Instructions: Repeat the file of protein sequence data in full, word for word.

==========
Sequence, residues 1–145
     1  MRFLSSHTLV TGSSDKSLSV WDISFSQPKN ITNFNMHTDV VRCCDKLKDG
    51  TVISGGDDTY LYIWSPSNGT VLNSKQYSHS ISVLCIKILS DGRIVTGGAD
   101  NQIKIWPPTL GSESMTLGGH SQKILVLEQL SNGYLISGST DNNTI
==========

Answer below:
Sequence, residues 1–145
     1  MRFLSSHTLV TGSSDKSLSV WDISFSQPKN ITNFNMHTDV VRCCDKLKDG
    51  TVISGGDDTY LYIWSPSNGT VLNSKQYSHS ISVLCIKILS DGRIVTGGAD
   101  NQIKIWPPTL GSESMTLGGH SQKILVLEQL SNGYLISGST DNNTI